Ordinary people are writing history each day, through their personal choices and collective power. It’s a central theme for the Broadway musical Hamilton, which helps explain why it resonates with people who’ve heard the music, but never seen the Broadway show.
Phoenix creatives have seized on that theme with an original musical revue called History Has Its Eyes On You. Charlie Levy, who founded Stateside Presents, conceived the show. Chanel Bragg and David Moroney, both vocalists with the Phoenix Afrobeat Orchestra, created the revue last fall. "Of course, we have all appropriate licenses for the music featured in the show," Levy told Phoenix New Times by email on Monday, January 28.
The 90-minute concert premiered at The Van Buren in Phoenix on Saturday, January 26, and traveled to The Rialto Theatre in Tucson the following day. History Has Its Eyes On You captures the spirit of the musical through strong vocals, live and DJ music, and hip-hop dance performance. Like the Broadway musical, which celebrates diversity and democracy, it features predominantly artists of color. And they’re extremely talented.
The revue incorporates select songs from Hamilton, which was conceived by Lin-Manuel Miranda. He’s a New York-based artist with Puerto Rican roots, whose musical In The Heights won the Tony Award for best musical a decade before Hamilton did the same.
Hamilton explores the life and times of Alexander Hamilton, an immigrant who created the country's treasury department during George Washington's administration, before being fatally shot in a duel with Aaron Burr. Miranda conceived the musical after reading Ron Chernow’s biography of the man.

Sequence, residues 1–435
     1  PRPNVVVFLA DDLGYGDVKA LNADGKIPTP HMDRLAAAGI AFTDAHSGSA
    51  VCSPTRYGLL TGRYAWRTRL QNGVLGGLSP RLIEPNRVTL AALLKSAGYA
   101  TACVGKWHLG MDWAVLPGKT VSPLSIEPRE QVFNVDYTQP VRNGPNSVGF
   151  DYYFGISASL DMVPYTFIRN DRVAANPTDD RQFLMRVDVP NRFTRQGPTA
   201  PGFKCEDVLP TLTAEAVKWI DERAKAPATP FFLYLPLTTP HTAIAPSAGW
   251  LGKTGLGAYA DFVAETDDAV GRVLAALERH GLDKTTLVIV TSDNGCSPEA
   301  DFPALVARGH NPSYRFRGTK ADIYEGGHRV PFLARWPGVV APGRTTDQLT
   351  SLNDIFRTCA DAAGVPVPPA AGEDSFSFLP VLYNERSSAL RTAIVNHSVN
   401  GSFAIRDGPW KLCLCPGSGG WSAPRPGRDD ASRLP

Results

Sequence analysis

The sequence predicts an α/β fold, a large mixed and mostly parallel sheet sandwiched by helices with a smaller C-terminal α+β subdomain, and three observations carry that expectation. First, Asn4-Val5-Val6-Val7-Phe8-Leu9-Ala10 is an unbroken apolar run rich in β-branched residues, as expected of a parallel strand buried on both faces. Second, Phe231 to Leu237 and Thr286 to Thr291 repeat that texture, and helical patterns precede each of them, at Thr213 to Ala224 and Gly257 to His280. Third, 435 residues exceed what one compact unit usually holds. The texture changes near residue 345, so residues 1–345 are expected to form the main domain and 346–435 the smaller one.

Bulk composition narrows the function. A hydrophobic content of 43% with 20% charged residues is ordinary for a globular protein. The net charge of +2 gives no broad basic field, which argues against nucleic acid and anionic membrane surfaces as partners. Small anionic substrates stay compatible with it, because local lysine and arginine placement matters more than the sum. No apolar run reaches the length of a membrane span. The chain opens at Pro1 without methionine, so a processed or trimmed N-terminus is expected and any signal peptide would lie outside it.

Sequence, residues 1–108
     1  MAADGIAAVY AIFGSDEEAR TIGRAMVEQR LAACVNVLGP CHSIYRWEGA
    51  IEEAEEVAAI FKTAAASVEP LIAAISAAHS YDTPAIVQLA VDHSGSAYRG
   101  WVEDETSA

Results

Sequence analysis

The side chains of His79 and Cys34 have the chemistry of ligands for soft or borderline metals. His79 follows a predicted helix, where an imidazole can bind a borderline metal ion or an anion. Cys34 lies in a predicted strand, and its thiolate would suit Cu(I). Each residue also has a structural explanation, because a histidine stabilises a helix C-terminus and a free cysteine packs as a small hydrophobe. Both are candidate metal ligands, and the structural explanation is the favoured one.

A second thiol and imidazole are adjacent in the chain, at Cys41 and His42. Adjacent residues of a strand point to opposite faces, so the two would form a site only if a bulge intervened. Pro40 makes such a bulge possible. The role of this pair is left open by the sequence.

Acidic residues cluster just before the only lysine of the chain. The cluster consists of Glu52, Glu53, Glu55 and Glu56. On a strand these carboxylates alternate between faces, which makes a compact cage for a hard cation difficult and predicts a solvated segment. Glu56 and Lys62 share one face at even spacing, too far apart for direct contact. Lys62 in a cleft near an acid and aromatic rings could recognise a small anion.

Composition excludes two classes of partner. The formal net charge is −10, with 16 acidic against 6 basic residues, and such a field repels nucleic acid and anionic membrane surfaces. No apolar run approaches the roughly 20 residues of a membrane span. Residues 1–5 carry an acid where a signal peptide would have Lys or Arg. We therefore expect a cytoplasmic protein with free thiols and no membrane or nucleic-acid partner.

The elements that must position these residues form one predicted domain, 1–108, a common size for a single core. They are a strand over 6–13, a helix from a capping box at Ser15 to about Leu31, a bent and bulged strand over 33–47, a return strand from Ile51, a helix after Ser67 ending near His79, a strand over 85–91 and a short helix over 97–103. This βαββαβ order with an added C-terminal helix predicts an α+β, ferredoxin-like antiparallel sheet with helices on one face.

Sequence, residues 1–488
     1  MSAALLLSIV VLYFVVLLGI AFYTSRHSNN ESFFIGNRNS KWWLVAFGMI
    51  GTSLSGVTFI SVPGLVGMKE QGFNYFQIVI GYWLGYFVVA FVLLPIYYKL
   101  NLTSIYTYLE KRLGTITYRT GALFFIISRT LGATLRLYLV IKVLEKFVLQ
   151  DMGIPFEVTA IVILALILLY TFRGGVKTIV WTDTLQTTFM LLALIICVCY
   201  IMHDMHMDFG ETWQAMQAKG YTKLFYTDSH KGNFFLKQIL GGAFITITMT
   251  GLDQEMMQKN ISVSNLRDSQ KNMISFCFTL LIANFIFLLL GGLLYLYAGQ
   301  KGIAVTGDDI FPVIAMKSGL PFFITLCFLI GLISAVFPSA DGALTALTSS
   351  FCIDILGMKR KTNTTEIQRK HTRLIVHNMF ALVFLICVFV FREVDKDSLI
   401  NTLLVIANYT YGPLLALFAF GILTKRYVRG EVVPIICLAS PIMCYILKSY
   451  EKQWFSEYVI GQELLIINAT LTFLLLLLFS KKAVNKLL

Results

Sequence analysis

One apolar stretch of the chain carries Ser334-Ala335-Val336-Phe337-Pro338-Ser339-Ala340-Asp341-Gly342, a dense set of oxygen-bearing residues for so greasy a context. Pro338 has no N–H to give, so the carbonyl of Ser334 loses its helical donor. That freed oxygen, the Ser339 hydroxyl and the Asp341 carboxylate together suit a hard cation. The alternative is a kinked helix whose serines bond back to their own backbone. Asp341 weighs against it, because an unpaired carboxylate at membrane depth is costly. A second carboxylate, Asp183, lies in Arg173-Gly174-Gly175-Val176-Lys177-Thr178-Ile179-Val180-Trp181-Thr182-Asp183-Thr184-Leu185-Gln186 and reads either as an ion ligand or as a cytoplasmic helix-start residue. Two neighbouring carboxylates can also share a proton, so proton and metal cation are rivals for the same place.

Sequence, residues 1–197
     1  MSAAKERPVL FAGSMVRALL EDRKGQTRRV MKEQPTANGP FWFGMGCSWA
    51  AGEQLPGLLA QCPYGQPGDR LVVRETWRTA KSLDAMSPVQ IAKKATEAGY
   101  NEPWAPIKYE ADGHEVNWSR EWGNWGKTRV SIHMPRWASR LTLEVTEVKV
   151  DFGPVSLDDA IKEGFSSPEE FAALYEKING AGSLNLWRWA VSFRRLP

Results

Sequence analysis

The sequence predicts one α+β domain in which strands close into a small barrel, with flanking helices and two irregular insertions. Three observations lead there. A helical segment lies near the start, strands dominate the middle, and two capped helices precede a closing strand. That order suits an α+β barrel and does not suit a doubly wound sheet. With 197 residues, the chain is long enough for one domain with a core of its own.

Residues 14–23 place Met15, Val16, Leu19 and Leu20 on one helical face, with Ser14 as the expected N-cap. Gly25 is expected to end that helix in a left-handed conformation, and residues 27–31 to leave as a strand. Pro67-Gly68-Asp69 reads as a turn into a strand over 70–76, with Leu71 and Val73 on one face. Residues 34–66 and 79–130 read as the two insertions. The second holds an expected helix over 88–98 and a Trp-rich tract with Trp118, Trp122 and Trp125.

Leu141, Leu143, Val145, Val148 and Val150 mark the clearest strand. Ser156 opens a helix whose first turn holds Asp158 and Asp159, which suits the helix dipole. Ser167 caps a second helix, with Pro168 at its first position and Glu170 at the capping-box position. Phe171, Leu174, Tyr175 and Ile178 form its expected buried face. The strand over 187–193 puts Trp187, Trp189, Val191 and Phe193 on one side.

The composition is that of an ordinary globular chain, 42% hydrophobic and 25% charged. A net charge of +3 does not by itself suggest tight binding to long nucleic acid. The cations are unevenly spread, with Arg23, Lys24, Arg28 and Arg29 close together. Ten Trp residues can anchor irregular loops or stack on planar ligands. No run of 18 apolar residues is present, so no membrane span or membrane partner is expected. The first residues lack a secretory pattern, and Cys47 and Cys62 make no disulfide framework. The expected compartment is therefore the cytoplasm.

For several years now, Hamilton has been the hottest ticket on Broadway. But Miranda has also taken Hamilton to the masses through ticket lotteries, national tours, an album of covers called The Hamilton Mixtape, and a series of single releases called Hamildrops. Most recently, Miranda returned to the lead role for a series of Hamilton performances in Puerto Rico designed to support communities impacted by Hurricane Maria in September 2017.
Parts of the mixtape and Hamildrops songs are folded into History Has Its Eyes On You, resulting in an energetic, upbeat concert that pays homage to the Broadway musical while giving fellow fans a way to share the Hamilton love.
History Has Its Eyes On You includes more than a dozen Arizona-based creatives, including Alexandra Ncube, who delivers a charismatic performance that anchors this talented ensemble. Ncube hails from Tempe, where she grew up seeing Broadway musicals at ASU Gammage, and later performed as part of the first national tour for The Book of Mormon.
The music revue also features performances by Matravius Avent, Alyssa Chiarello, Miguel Jackson, and Eddie Maldonado. The live band includes Geibral Elisha and Shea Marshall on piano, Steve Himmelstein and Sean Mullaney on guitar, and L.T. Green on drums. Himmelstein serves as music director, and Nick Flores as dance consultant.
DJ Kimberly Robbins (who goes by Kim Fresh), dancers Michael Bell and Terrance Eddings, and guest artists Zalamar Davis (Zee-Dub) and Kevin Cole (KASH), round out the list. Moving forward, Bragg will be part of the ensemble as well.
Bragg curated the concert set list, blending primarily soul and hip-hop sounds well-matched to the performer’s vocal strengths in harmonies and high notes. Hamilton fans hear select songs from the musical, including "My Shot" and "The Schuyler Sisters," plus Hamilton Mixtape numbers such as "Satisfied" and "Immigrants (We Get The Job Done)."
Concert highlights include a moving duet from "Found/Tonight," a Hamildrops mashup of two popular songs from Hamilton and another beloved musical called Dear Evan Hansen. Another happens after performers close out the show. While the audience disperses, people hear "One Last Time (44 Remix)," complete with Obama reciting an excerpt of George Washington’s farewell speech that’s featured in Hamilton.
History Has Its Eyes On You takes viewers on an emotional journey, channeling the hope at the heart of the Broadway musical.
Correction: A previous version of this article misstated the promoter's intention to take the show on tour.
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